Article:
WYOMISSING, Pa. — They say it’s best to build bridges, and that’s exactly what Associate Teaching Professor of Engineering Marietta Scanlon and her class have done this semester.
In the Engineering Design and Analysis with CAD course, Scanlon’s students, comprised of seniors majoring in mechanical engineering and electro-mechanical engineering technology, utilized CAD (computer-aided design) — specifically Autodesk Fusion 360 — to design and simulate loading of a cantilever bridge. Engineers typically use powerful software to simulate failure, but there’s no substitute for experiencing the real thing, and the Berks LaunchBox allowed the students to do just that.
Scanlon spoke of the importance of the course’s “application to design” process and how students gained the opportunity to “study via simulation.” She also stressed the importance of exposing the students to hands-on projects that allow them to complete the entire process of design, simulation, fabrication and testing.
Step one took place in the classroom, where students modeled a cantilever truss based on a specific set of criteria. Utilizing Fusion 360’s powerful software, the students were able to simulate failure based on applied loads and make predictions on where and how their bridge would fail when loaded.
Then, Scanlon and her class spent about three hours at the Berks LaunchBox, located in the GoggleWorks Center for the Arts in downtown Reading. The Berks LaunchBox assists early-stage entrepreneurs and startup companies with accessing the tools and resources they need to launch and grow in the Greater Reading area through accelerator programs, mentoring, co-working space for startups, a makerspace with equipment for prototyping, and Meetups focused on business development.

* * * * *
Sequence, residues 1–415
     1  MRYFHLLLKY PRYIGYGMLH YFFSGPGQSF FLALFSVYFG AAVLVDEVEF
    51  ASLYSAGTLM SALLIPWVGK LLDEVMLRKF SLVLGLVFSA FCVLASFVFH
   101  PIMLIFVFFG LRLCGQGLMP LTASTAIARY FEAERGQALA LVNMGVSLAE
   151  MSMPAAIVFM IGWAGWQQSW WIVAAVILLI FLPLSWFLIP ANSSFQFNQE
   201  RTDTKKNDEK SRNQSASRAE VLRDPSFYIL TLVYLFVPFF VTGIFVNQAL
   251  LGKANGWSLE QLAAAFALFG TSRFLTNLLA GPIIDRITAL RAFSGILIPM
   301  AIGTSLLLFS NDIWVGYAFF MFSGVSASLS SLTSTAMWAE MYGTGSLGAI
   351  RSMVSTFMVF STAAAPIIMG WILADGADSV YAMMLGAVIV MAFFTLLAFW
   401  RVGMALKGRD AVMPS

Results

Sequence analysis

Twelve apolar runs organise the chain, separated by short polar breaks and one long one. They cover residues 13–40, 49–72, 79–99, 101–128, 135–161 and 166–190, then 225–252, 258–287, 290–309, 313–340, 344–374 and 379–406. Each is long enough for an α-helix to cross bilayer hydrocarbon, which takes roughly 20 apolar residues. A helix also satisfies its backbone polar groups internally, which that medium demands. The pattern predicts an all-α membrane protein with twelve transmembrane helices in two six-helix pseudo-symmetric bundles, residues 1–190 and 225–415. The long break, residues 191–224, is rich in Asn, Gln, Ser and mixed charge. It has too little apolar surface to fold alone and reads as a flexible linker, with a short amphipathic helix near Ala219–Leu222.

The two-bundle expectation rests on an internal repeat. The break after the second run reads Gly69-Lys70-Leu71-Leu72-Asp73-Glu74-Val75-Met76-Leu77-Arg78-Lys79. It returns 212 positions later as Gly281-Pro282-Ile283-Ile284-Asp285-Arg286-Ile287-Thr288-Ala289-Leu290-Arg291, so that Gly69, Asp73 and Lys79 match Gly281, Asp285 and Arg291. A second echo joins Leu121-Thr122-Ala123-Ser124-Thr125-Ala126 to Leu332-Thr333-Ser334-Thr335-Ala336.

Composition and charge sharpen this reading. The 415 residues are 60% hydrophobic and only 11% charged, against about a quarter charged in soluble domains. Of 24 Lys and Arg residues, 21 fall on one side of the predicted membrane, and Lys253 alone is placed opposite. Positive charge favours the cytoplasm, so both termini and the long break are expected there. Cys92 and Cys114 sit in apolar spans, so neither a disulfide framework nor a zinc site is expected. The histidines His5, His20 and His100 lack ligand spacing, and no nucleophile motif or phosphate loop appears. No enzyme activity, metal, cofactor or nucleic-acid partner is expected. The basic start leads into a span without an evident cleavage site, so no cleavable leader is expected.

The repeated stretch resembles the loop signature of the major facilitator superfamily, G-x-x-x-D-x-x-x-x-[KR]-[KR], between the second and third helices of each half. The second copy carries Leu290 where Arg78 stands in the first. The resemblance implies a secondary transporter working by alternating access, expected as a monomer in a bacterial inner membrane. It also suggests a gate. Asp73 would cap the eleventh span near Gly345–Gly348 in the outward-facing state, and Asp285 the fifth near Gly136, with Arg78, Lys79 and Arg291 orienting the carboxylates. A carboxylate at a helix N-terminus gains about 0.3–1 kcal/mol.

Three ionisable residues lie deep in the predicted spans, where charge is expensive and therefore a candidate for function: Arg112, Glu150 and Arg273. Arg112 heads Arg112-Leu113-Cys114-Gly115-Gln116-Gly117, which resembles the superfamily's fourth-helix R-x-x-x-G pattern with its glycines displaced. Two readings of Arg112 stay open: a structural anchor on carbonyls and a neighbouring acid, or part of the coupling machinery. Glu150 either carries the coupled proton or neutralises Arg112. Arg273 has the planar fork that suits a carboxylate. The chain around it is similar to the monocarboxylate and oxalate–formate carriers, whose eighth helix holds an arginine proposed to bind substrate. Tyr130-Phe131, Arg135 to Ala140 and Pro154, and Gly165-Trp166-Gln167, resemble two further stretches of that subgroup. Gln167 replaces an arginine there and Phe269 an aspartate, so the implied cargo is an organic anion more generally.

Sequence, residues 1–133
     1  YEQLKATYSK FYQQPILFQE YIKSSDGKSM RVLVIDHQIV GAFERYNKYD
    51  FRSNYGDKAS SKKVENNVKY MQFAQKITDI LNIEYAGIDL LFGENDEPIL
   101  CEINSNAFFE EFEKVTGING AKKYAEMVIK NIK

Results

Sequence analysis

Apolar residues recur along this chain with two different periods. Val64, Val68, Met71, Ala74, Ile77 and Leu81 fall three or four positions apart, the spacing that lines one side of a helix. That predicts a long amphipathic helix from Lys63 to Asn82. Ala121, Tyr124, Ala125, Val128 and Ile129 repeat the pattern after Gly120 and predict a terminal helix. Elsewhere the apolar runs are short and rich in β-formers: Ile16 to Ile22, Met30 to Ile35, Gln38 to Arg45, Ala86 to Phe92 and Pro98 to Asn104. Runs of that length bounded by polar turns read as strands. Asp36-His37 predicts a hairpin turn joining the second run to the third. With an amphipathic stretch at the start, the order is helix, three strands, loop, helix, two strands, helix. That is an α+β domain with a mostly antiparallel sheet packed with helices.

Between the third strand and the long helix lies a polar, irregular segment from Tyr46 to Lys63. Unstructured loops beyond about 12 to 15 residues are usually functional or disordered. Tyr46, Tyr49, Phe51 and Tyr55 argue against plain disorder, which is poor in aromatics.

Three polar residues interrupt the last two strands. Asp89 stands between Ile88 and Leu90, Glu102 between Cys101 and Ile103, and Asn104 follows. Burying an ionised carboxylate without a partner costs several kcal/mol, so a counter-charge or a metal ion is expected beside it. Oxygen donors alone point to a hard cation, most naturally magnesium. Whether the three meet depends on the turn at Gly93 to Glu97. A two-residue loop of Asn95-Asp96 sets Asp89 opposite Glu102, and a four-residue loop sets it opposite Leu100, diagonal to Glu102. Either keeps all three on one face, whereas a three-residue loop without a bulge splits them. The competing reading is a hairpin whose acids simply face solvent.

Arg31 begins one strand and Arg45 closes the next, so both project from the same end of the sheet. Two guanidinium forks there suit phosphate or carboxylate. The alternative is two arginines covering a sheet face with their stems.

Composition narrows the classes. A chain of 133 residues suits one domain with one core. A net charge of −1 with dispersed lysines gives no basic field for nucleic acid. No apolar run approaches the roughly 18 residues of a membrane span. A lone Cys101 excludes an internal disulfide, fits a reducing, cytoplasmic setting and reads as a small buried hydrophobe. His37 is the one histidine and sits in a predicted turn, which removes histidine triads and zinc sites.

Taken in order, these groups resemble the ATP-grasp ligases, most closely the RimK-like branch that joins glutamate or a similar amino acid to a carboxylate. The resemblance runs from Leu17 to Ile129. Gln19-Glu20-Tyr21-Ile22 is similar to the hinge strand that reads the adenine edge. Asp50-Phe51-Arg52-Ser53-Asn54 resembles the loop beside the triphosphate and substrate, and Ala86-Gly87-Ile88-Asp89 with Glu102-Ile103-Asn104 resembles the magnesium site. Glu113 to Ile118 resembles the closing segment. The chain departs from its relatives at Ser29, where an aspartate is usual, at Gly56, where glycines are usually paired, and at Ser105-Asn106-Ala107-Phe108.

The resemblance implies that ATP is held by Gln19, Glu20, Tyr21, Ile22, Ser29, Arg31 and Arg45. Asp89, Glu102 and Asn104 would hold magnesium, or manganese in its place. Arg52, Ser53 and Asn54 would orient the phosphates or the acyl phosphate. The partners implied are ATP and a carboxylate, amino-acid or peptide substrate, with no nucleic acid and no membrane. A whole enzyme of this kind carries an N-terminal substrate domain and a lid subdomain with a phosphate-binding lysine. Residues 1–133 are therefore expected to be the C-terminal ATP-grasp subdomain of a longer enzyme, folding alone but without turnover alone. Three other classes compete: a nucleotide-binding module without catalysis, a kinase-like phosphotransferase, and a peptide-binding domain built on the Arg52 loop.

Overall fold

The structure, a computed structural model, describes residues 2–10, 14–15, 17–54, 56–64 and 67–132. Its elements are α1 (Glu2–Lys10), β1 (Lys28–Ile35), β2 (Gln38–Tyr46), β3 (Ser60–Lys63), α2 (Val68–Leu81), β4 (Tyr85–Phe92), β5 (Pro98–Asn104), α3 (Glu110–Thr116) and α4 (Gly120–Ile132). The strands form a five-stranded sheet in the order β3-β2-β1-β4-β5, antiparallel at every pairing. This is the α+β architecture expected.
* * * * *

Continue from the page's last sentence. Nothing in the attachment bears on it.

Working in teams of two and leveraging the makerspace, students fabricated and assembled their trusses, cutting the material with laser-cutters housed in the LaunchBox. Scanlon and her class worked alongside Patty Leshinskie, part-time LaunchBox facilities specialist and mechanical engineer, as well as Michelle Hnath, LaunchBox facility coordinator, and Erica Kunkel, LaunchBox director.
Once the trusses were assembled, the students returned to the Berks campus and loaded their trusses to failure.
“Comparing their predictions of failure based on simulations to the actual bridge failure based on loading up the truss created a very powerful experience for the students, which would not have been possible without the support of the LaunchBox,” Scanlon said.
“It's great to be able to expose the students to the space and the resources that the LaunchBox has to offer,” Scanlon added when asked about the experience. “Being able to work with the Berks LaunchBox has added another dimension to the course and extends the Berks campus to the city of Reading, providing our engineering students with even more opportunities.”